A SKIN doctor who advised a teenager to use sunbeds to treat psoriasis has been defended by a medical expert.
Dr John A Cotterill has said it was "a reasonable view" that limited time on a sunbed might benefit a patient and that the risk "was virtually immeasurable".
The retired consultant dermatologist has been giving evidence to a Medical Council fitness to practise inquiry in the case of Dr Adam Jacobus Smith.
Dr Smith, inset, is accused of poor professional performance and professional misconduct on more than 100 grounds in relation to his treatment of the teenager and 11 other patients who attended his surgery in the Whitfield Clinic, Waterford, between 2006 and 2009.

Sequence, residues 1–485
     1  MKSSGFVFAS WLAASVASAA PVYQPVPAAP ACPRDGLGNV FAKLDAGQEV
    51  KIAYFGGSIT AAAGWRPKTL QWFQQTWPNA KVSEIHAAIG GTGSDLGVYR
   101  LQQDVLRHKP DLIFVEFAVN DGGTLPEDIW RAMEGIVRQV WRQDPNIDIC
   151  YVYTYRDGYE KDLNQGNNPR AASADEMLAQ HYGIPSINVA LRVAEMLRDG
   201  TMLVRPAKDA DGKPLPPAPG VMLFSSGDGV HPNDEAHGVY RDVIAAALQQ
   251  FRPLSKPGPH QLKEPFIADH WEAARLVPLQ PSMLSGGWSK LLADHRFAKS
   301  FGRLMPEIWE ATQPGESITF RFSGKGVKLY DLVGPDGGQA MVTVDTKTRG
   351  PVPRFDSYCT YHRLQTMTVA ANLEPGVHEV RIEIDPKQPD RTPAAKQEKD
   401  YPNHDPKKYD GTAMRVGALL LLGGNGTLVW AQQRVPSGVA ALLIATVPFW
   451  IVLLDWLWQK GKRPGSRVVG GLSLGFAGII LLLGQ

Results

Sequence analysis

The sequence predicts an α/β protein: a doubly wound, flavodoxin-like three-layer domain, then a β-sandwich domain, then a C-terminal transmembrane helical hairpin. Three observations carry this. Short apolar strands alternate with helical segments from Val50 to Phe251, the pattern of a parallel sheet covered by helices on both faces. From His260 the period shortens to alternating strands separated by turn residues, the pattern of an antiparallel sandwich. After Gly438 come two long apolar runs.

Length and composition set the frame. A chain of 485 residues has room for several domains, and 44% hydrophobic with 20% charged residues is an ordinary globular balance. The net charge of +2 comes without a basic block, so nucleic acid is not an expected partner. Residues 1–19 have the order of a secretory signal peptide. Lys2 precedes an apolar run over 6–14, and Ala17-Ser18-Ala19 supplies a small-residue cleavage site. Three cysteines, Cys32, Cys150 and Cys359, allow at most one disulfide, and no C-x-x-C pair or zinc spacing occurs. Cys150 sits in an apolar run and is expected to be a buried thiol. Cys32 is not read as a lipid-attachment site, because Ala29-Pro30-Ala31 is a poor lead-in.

He has accepted a number of the charges against him as to fact, but denies any of the allegations under examination amount to poor professional performance or professional misconduct.
The 17-year-old attended Dr Smith's clinic with his mother in August 2008 as the teenager was about to go on holiday and was self-conscious about his psoriasis, a condition which can leave the skin inflamed and flaky.
Dr Smith prescribed the drug methotrextrate and told the patient that he could use sunbeds, but to limit this to two sessions over two weeks.
Giving evidence Dr Cotterill said: "I have lost sleep over a lot of things that have come before me in this case but I would't lose sleep over the sunbeds."
Dr Cotterill said he was more critical of Dr Smith's failure to monitor the teenager after prescribing methotrextrate.
Dr Smith has admitted as to fact that he prescribed methotrextrate without first providing a test dose to the patient and that he failed to monitor the patient regularly. The case continues.